You’ll never get a second chance to make a great first impression. Typically, first impressions are formed within 30 seconds, and the main factor that will shape what others think about you will be your physical appearance. Don’t let the way you dress disqualify you before the interview even starts.
GET THE BASICS RIGHT
Whether you are a fashionista or totally clueless sartorially, the first thing about what to wear for a job interview has less to do with style and more about common sense. Before we even wade into fashion talk, let’s get some basics right: be clean, neat and presentable. It doesn’t matter if you are strutting in the season’s latest outfit, but if it’s not ironed or smells or gaping at your chest, it’s just unacceptable!
NO FUSS PLEASE
The rule here is simplicity. If you really want to wear something printed, keep it minimal. The same goes with detailing. For men, this applies to ties and shirts. Women, avoid dizzying abstract prints, fancy florals, sequin detailing and the like.
SUBDUES, SUBTLE, SOMBRE
The corporate world isn’t a particularly colourful place clothing-wise. Perhaps it is just easier to convey the right image of seriousness with a more sombre palate. White, blue, black, brown, grey and beige are the generally accepted colours in most companies. Light coloured work shirts and tops are also OK. Of course, some industries are more relaxed about this but stick to the neutrals until you have had a chance to observe how everyone else dresses.
WHAT'S YOUR STYLE?
Guys, you can’t go wrong with a collared, long-sleeved, formal work shirt. Cuts for men’s shirts have become considerably fancy over the years. It’s alright to wear a more stylish slim fit shirt but make sure it isn’t hugging your chest and torso! Pants should be straight cut and fall just at the ankles without pooling. Shirts should be tucked in and belts kept to dark colours. If a suit is required, stick to a conventional work/day suit. No fancy jackets, please. Ladies, dressing for a work interview may not seem terribly exciting but that doesn’t mean you can’t be elegant and chic. Go for clothes that are well-tailored so they fit properly and flatter your silhouette. Like the men, if you need to wear a suit, go for something conventional and well-made. Dresses and shirts/blouses, and pants or skirts combos are perfectly fine as long as they comply with the above rules and are of a modest length.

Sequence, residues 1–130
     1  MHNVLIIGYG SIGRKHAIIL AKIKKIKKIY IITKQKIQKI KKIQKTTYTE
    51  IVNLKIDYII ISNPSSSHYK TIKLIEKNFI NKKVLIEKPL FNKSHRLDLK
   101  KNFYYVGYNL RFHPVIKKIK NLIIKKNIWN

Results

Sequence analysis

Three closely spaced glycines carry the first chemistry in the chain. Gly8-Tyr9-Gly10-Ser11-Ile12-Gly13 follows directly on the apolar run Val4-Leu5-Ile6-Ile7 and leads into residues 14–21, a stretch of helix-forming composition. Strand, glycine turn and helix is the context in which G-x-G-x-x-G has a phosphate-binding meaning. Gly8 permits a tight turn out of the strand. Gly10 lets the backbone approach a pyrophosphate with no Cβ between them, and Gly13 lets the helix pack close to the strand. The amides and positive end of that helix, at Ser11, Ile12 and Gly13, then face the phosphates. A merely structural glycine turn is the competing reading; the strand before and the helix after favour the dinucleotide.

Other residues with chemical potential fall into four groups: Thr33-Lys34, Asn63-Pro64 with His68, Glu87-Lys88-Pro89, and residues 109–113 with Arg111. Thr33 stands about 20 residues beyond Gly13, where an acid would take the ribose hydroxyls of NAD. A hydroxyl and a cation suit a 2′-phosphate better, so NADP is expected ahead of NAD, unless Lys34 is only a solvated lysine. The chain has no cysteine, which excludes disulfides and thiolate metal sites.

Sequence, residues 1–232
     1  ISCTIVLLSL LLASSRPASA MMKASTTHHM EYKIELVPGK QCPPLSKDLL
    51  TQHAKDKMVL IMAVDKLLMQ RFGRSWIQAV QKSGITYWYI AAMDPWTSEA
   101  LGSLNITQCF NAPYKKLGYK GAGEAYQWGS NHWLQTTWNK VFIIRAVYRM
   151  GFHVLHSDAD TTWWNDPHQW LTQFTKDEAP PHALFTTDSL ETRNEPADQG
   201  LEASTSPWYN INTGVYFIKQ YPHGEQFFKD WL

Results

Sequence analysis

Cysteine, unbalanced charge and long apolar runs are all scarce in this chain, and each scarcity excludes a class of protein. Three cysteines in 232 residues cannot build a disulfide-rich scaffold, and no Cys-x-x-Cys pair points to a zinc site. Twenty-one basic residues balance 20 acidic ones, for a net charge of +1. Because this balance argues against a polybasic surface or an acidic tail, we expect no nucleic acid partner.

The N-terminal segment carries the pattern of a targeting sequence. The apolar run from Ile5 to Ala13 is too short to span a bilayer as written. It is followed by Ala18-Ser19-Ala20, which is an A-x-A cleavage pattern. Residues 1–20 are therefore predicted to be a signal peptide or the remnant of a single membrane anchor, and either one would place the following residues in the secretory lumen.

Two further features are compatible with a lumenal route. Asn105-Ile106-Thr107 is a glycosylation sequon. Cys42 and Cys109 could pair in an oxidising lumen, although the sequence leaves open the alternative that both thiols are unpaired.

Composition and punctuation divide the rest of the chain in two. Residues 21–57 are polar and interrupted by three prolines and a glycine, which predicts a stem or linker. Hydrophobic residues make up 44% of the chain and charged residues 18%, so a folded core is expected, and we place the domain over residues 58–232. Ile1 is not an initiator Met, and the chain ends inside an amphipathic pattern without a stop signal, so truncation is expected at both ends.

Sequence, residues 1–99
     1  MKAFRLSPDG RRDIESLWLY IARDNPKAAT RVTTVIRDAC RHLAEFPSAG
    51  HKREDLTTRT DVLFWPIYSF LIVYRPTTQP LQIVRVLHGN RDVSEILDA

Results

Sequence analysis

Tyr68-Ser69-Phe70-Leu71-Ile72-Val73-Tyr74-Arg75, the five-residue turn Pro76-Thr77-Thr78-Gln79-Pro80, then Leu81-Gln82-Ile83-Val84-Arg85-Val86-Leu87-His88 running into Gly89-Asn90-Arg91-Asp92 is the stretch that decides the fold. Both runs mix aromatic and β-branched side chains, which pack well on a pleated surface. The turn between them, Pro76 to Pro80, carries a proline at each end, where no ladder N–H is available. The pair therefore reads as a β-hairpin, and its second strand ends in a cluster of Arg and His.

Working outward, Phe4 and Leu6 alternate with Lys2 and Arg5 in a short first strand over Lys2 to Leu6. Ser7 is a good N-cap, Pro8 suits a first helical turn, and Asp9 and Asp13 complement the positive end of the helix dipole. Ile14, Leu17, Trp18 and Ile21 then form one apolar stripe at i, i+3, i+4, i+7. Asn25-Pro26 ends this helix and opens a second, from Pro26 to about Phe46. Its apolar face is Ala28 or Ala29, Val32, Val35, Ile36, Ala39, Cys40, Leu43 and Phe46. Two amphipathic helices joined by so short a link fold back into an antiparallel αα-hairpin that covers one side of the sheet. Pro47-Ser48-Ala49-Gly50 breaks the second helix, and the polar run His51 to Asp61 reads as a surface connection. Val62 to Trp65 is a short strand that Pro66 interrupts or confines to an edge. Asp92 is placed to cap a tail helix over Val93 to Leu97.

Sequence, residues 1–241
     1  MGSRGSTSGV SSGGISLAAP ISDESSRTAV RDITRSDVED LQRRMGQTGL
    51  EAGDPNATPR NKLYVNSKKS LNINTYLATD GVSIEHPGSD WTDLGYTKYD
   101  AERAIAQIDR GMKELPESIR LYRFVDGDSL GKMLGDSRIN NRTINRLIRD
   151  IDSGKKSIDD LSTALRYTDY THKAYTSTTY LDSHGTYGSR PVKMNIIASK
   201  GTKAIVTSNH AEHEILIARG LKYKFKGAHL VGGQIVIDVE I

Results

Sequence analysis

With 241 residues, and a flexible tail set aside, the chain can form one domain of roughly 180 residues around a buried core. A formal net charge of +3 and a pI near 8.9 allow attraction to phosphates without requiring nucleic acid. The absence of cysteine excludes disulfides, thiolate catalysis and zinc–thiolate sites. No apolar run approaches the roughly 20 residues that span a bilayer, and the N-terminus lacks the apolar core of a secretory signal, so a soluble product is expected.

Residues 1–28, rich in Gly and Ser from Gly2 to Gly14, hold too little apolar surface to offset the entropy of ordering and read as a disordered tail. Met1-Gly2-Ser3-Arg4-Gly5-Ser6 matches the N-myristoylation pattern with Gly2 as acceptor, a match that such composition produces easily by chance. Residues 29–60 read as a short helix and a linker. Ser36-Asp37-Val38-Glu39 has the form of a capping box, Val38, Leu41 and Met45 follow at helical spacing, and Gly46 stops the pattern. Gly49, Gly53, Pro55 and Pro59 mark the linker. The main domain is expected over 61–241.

Traditional wear is acceptable but generally only the baju kurung or jubah is suited to the corporate environment. Simplicity and subtlety apply. Islamic fashion is increasingly avant garde, but at work, it is probably best to avoid fancy styles and loud colours or prints. Ditto with the head scarf. Don’t overdo it with elaborate wraps, designs and accessories.
Same goes with other races’ traditional wears. Avoid slits above the knee for cheong sam and choose a simpler material for your Punjabi suits and sarees.
SHOES, SHOES, SHOES
Oxfords, loafers and similar styles pair up well with the men’s corporate wardrobe while court shoes and pumps are the best bets for women. Remember to keep the colour basic and subtle, and the details, minimal. Leather shoes should be well-shined. Gentlemen, please don’t wear your soccer socks. Invest in a few dark-coloured work socks.
TO ACCESSORISE OR NOT?
Tasteful, discreet and elegant. Those are the guidelines for jewellery, ladies, if you are wearing any. Avoid distracting designs and details like dangling earrings, huge brooches or chunky rings. And don’t load it all up like a Christmas tree! For men, a simple ring and watch are acceptable. Cover up any tattoos and keep the jewellery on commonly accepted places, that is, rings on fingers and studs on earlobes, only.
Photo by Kai Pilger on Unsplash